Tuesday 27 June 2017

I spy... a 19th century home in Wicklow for €1.15m

During the 1970s author Frederick Forsyth lived here

The original 19th century house was divided into two semi- detached homes.
The original 19th century house was divided into two semi- detached homes.
Frederick Forsyth
Dual-aspect drawing room.
The dining room.
Window looking out to the garden.
Oakview kitchen
The extensive garden.
Family room with wood-burning stove.

Eithne Tynan

The novelist Frederick Forsyth, author of The Day of the Jackal, The Odessa File and the Fourth Protocol, among others, seems to have always had a knack for being in the right place at the right time.

It's a gift that has stood him in his career as a journalist, in the research for his best-selling spy thrillers, in his moonlight career as an 'asset' to MI6, and in his five-year sojourn in Ireland.

Forsyth moved with his wife to Kilgarron House in Enniskerry, Co Wicklow, in 1975, and almost immediately became intimate with Charlie Haughey, who had introduced the tax exemption for artists some years previously.

In his memoir, The Outsider' published last September, Forsyth described how Haughey's "long-time girlfriend" would hold dinner parties at her pine kitchen table, where he and his Irish-born wife, Carole Cunningham, befriended the "shirt-sleeved, affable and humorous" Haughey.

Forsyth has always claimed he didn't know about the artists' tax exemption when he moved here, but by happy accident was able to take advantage of it, all the while driving his white Rolls-Royce around Enniskerry.

In 1980 the Forsyths decided to leave, as they were worried that their two sons, both born in Dublin, might be kidnapped by the IRA. (Dr Tiede Herrema had been abducted from near his home in Limerick in 1975). Haughey, by then Taoiseach, was "horrified," as Forsyth tells it, and practically begged him to stay, even offering him a seat in the Senate, but he declined.

The extensive garden.
The extensive garden.
The original 19th century house was divided into two semi- detached homes.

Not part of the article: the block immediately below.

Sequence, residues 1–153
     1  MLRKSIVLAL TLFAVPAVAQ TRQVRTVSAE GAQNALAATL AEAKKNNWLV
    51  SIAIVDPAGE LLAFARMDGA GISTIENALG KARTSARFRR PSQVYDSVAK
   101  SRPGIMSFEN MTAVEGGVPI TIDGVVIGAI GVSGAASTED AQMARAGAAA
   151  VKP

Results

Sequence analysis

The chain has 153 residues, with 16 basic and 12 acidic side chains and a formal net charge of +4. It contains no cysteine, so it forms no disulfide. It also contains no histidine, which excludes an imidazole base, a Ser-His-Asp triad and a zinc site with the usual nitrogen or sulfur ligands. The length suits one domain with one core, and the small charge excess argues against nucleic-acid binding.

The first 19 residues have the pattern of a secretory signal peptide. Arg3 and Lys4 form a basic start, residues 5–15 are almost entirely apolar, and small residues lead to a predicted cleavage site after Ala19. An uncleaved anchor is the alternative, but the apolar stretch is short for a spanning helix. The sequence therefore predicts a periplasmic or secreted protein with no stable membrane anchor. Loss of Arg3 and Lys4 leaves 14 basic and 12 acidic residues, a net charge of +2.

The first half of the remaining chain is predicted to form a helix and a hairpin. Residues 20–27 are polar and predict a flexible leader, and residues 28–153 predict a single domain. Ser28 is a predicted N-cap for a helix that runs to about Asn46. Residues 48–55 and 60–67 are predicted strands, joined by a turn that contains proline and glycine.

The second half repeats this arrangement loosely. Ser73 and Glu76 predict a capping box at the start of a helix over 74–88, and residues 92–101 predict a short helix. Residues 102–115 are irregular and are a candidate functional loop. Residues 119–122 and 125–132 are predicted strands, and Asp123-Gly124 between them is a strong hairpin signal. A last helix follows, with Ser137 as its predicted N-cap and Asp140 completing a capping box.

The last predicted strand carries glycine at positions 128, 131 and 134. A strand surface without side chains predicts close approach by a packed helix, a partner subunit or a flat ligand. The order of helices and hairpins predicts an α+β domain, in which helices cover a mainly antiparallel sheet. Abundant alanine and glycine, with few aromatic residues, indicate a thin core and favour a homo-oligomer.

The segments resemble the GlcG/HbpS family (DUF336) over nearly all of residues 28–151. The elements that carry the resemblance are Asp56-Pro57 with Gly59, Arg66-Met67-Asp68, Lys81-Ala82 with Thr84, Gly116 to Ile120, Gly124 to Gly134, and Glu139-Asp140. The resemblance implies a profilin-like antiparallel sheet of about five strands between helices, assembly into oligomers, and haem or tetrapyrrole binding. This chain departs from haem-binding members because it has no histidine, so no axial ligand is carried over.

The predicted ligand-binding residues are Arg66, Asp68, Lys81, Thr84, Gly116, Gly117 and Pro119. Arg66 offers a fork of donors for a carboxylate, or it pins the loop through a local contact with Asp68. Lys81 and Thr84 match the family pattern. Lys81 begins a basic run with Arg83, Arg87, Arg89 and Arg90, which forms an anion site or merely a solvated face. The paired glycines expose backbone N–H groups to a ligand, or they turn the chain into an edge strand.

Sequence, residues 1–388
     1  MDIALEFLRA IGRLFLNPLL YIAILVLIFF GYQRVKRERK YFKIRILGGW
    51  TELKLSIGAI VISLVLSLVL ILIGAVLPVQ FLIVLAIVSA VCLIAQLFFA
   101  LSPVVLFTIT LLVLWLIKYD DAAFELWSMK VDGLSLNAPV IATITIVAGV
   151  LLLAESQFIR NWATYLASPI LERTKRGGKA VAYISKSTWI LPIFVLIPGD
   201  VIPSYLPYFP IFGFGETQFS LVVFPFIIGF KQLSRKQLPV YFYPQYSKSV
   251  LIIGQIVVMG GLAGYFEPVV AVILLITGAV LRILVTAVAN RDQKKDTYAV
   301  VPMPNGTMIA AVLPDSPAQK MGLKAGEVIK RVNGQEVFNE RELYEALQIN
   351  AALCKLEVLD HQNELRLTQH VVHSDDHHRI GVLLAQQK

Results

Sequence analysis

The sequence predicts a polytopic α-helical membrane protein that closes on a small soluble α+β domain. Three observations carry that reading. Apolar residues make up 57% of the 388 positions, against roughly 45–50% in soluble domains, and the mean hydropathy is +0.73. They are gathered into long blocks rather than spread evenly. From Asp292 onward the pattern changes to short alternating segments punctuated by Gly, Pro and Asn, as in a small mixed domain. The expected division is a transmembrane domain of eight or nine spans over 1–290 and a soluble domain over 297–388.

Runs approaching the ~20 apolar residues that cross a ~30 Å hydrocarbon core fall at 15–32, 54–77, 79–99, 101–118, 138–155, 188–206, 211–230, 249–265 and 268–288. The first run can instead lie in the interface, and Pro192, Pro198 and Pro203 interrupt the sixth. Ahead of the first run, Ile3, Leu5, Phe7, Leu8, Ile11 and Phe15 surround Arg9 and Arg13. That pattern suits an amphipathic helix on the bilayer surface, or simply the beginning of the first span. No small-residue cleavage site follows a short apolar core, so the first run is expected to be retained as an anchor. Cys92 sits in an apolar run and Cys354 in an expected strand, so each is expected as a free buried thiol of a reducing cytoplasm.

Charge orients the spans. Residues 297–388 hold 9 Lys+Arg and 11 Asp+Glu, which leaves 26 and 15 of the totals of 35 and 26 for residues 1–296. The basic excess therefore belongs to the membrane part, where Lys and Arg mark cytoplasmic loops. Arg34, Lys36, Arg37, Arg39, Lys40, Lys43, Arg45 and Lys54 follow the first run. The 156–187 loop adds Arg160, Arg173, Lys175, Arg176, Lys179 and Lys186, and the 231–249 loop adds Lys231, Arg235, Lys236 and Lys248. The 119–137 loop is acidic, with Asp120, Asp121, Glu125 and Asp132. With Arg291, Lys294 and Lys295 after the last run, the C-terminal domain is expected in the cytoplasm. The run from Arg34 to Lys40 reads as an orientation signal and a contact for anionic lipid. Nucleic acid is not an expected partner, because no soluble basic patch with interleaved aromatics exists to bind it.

Frederick Forsyth
Dual-aspect drawing room.
The dining room.
Window looking out to the garden.
Oakview kitchen
Family room with wood-burning stove.

The couple returned to England and Kilgarron House passed to new inhabitants. It would have been a vast and rambling place back then, having been built around 1860 for the daughter of Lord Powerscourt.

Some time after Forsyth's residency, though, the owners made the rather unorthodox decision to divide it up, so what was Kilgarron House is now two semi-detached houses - Kilgarron House and Oakview, which is now on the market for €1.15m.

The properties have preserved a fair amount of privacy, however, as they're back-to-back rather than side-by-side, and there are separate driveways.

They're still sizeable enough - Oakview has a floor area of 2,578 sq ft, with four bedrooms and three reception rooms, and it's on 0.65 of an acre of grounds which have been tirelessly cared for by the owners.

Inside, there are period features such as high ceilings and vintage radiators, but the décor could do with refreshing here and there. Most of the rooms are carpeted, the kitchen is old-fashioned and the windows are PVC.

The ground floor has a narrowish hallway running the full length of the property, about 50ft long, and there's a corresponding hallway on the first floor, if a little shorter. All the principal rooms are on one side of this hallway, that being an inevitable result of dividing up the house.

The first of the reception rooms is a dual-aspect drawing room measuring about 16ft by 22ft, with a fireplace and mountain views from the windows.

There are wide double doors here giving onto an oblong dining room, about 10ft 6"by 16ft, with a floor-to-ceiling French window at one end opening to the garden.

Next to the dining room is a family room or 'snug', which has a wood-burning stove, and there's an opening from here to the dual-aspect kitchen, at the opposite corner of the house from the drawing room.

The kitchen measures about 16ft by 14ft and has country-style wooden cabinets and a fire engine red Rayburn. There's also a guest toilet and utility room on the ground floor.

Of the four first-floor bedrooms, three are en-suite, and there's a large attic above that which might be converted by the new owner.

The grounds, by contrast, require nothing by way of intervention. There's a smooth sloping lawn interrupted by full-grown trees, busy flowerbeds, and scatterings of daffodils. There's also a vegetable garden, and for those times when a keen gardener wants to relax and enjoy their handiwork, there are seating areas dotted all about, following the sunshine. The grounds also include a garage and a workshop.

Oakview is almost in the centre of the post-pretty village of Enniskerry, much of which was designed and built in the early 19th century. It's 600 metres from the house to the copper-domed clock tower in the square. The village and the nearby Powerscourt estate have appeared in numerous film and television productions including Into the West, PS I Love You, Ballykissangel and The Tudors.

Enniskerry is about a three-minute drive from the N11, which means you can make your way from Oakview to Dublin city centre in about 45 minutes, assuming light traffic.

Oakview is on the market with agents Ganly Walters (01) 662 3255, and has an asking price of €1.15m.

Oakview

Enniskerry, Co Wicklow

Asking price: €1.15m

Agent: Ganly Walters (01) 662 3255

Indo Property

Promoted articles

Editors Choice

Also in Life